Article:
Encouraging women & girls to pursue careers in cybersecurity, computer science, and counter cybercrime work


DAKAR Globally women are severely underrepresented in the field of cybersecurity. As part of Cybersecurity Awareness month in Senegal, UNODC and the Ministry of Digital Economy and Telecommunications held an online workshop focusing on encouraging girls and women to follow studies in Science, Technology, Engineering and Mathematics (STEM) and pursue careers in cybersecurity.

In 2018, women accounted for just 10 percent of the cybersecurity workforce in the Asia-Pacific region, 9 percent in Africa, 8 percent in Latin America, 7 percent in Europe, and 5 percent in the Middle East. 

“By promoting women working in these areas and showcasing their talents, we hope to encourage our partners to also consider women as important players in cybersecurity and law enforcement. Increasing women's participation in cybersecurity and the fight against cybercrime is good for women, good for business and good for society” said Carmen Corbin, Head of Counter Cybercrime Programming for Africa at UNODC. The webinar was live-streamed and attracted over 250 viewers. 

In 2017, the share of women working in the field of cybersecurity in the U.S was only slightly better at 14 percent. Women are even less well represented in senior positions in the IT security field with just 1 percent of female cybersecurity experts in senior positions.

The low representation of women in cybersecurity is related to the broader problem of their low representation in science, technology, engineering and mathematics.  To attract more women to cyber safety and fight cyber-crime, governments, non-profit organizations, professional and trade associations and the private sector need to work together.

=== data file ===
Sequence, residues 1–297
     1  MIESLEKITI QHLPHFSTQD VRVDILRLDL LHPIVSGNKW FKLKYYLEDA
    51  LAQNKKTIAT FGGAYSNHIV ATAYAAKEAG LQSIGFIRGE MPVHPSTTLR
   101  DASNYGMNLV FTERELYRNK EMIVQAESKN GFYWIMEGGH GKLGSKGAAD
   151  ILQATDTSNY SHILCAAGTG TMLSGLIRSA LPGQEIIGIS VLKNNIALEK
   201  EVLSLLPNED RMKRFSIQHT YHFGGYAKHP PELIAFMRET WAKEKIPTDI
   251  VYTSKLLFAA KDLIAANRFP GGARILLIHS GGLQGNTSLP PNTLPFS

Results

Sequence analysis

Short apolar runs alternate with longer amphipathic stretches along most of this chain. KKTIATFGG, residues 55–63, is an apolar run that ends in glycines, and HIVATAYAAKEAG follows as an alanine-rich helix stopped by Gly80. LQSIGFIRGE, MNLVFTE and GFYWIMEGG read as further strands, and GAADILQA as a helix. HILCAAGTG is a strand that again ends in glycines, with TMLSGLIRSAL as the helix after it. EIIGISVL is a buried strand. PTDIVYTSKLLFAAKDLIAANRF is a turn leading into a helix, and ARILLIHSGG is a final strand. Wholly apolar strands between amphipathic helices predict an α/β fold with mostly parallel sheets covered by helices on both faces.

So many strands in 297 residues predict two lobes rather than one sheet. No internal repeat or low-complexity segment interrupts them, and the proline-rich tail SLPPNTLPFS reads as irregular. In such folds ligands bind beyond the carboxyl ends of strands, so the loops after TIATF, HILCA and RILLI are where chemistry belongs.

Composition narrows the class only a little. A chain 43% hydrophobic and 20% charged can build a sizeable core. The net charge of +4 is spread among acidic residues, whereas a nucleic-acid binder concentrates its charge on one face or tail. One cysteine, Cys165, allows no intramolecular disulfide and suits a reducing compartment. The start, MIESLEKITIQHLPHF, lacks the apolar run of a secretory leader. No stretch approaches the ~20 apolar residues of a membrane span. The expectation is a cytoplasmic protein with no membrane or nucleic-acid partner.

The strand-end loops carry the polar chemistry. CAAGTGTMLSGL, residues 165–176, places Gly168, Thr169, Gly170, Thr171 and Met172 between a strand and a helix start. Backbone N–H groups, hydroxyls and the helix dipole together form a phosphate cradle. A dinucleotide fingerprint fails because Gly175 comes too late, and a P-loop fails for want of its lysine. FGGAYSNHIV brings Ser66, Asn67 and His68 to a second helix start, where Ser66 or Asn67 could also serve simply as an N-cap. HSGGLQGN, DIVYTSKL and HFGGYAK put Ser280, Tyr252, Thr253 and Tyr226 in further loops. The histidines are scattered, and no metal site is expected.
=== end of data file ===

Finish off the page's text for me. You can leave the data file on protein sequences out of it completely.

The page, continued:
UNODC plays a key role in encouraging women and girls to pursue careers in cybersecurity and the fight against cybercrime. Through high-level partnerships to help equip police, prosecutors, and judges with the skills needed to investigate and prosecute cybercrime, money laundering, and the financing of terrorism, UNODC provides training and capacity building programs on how to investigate and prosecute cybercrime.

UNODC also strives to ensure that women are always included as trainees and trainers in our programs.

Given that so many women and girls are victims of online crime, it is important for more women to be represented in criminal justice jobs, such as the police, prosecutors, and judges, who share their experiences and are more approachable.

“In my experience, I have had many cases where the victims have been young girls. I often felt that I could more easily understand their concerns and worries about their case and that I could more easily communicate and discuss these concerns with their parents,” said Ms. Corbin, a former US prosecutor.

Women are more often victims of cybercrime and can receive intimidating messages, threats of violence, and sexually explicit text, e-mail, images and videos via dating sites, social networks, and other online platforms.

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